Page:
8In this study the influence of amplicon length on PCR yield in real-time PCR was analyzed, to show that the advantage of using small targets for GMO detection is linked to an intrinsic real-time PCR property.

2. Materials and methods

9The samples used were commercial feed samples and certified reference materials (CRMs). The CRMs were developed by the Institute for Reference Materials and Measurements (IRMM, Geel, Belgium) and consisted of dried soybean powder (IRMM 410) containing mass fractions at 5%, 2%, 1% and 0.1% of Roundup Ready soybean (event MON40-3-2).

10Assays were also performed on plasmid DNA. The plasmid pl-RR used contains a 528 bp fragment issued from the Roundup Ready construction. This fragment was inserted in pCRII plasmid with the TOPO TA cloning kit (Invitrogen, Merelbeke, Belgium). The pl-Lec plasmid was built at CRA-W in a similar way and contains a 501 bp fragment of the lectin gene.

11DNA isolation on feed and CRMs was performed with the Wizard Magnetic DNA Purification System for Food kit (Promega, Madison, USA) on a test portion of 50 mg. DNA was eluted in 150 µl of elution buffer. Extraction was performed on the King Fisher robot (Thermo Fisher, Hampshire, UK). Between 10 and 100 ng were used in the PCR tests, corresponding to the quantity of DNA generally introduced in PCR tubes for routine analysis. The quantities used may therefore be different from one sample to another. However, the quantities used are always identical for the same sample, making it possible to compare Cq values in order to assess the effect of amplicon size.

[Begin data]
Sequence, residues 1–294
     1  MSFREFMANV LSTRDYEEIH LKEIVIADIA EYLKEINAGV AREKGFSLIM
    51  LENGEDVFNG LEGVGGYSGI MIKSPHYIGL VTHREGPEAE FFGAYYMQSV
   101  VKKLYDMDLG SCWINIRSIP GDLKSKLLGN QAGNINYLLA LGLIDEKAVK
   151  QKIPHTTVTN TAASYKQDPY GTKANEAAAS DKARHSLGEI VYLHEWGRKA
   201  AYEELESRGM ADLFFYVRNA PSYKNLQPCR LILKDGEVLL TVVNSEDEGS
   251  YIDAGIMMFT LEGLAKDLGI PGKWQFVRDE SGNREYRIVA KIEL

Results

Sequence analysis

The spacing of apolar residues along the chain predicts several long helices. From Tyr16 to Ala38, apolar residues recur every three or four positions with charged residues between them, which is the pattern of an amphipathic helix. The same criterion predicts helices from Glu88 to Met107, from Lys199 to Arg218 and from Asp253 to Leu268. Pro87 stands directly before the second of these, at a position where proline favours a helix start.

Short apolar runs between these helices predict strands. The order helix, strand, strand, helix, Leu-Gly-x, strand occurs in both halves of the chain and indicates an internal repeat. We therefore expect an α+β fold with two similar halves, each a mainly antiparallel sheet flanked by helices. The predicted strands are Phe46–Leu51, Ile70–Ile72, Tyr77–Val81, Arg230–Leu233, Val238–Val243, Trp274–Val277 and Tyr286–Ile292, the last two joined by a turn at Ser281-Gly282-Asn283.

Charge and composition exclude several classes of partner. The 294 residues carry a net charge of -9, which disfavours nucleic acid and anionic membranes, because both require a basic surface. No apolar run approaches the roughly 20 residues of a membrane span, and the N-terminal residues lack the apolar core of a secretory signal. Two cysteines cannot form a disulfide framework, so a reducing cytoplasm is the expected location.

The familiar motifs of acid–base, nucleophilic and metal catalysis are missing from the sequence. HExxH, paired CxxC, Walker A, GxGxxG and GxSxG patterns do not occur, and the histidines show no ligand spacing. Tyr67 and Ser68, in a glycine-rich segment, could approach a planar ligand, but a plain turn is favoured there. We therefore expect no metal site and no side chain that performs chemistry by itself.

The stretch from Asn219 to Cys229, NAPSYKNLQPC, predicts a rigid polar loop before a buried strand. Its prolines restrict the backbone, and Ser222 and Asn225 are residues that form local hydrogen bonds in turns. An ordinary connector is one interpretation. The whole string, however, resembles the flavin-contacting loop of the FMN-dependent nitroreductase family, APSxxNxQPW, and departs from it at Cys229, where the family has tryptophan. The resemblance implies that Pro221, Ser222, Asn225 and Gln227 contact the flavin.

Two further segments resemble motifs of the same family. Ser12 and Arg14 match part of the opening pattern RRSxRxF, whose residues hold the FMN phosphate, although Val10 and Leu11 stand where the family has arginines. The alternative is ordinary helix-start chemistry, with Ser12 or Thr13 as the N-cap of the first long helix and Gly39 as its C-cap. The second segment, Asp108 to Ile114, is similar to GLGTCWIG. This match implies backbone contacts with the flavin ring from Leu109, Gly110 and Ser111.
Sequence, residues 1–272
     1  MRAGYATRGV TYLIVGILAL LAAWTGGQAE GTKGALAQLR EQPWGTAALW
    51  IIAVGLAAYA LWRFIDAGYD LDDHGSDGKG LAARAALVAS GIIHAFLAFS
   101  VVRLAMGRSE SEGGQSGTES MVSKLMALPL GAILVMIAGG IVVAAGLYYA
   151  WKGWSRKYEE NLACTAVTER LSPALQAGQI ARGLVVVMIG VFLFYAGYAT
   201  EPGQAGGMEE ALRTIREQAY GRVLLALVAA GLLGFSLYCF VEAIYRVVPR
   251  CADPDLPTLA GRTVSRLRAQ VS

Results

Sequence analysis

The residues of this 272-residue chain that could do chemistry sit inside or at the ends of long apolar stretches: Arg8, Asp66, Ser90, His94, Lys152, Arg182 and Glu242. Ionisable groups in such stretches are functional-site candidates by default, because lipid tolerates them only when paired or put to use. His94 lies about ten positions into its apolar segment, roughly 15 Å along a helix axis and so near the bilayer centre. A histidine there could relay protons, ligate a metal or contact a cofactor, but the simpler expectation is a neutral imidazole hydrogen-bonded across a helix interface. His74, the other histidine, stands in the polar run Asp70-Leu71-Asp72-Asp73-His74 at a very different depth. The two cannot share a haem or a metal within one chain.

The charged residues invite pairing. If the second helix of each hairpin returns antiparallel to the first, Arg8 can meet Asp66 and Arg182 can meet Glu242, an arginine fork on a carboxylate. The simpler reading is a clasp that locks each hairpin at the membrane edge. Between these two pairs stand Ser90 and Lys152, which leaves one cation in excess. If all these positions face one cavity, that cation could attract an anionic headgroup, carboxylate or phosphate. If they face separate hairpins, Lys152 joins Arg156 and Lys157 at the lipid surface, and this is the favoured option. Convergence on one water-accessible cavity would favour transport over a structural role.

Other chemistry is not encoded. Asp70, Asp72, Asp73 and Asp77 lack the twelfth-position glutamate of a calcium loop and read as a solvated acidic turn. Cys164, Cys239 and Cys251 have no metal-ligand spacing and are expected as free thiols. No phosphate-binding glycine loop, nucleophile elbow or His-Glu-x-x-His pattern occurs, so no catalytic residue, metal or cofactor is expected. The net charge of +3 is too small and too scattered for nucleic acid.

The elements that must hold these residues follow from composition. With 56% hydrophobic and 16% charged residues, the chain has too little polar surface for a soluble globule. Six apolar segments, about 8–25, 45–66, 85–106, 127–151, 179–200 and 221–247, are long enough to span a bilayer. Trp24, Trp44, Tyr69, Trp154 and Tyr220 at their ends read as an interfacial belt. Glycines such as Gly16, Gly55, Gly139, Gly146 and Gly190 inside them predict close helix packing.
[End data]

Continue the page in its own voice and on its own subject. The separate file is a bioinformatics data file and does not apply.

12Plasmid DNA was isolated from bacterial cultures with the High Pure Plasmid Isolation kit from Roche Diagnostics (Mannheim, Germany). Plasmids were linearized with BamHI enzyme (Roche Diagnostics, Mannheim, Germany) and products of linearization were purified with the last steps of a Phenol-Chloroform extraction (Sambrook et al., 1989).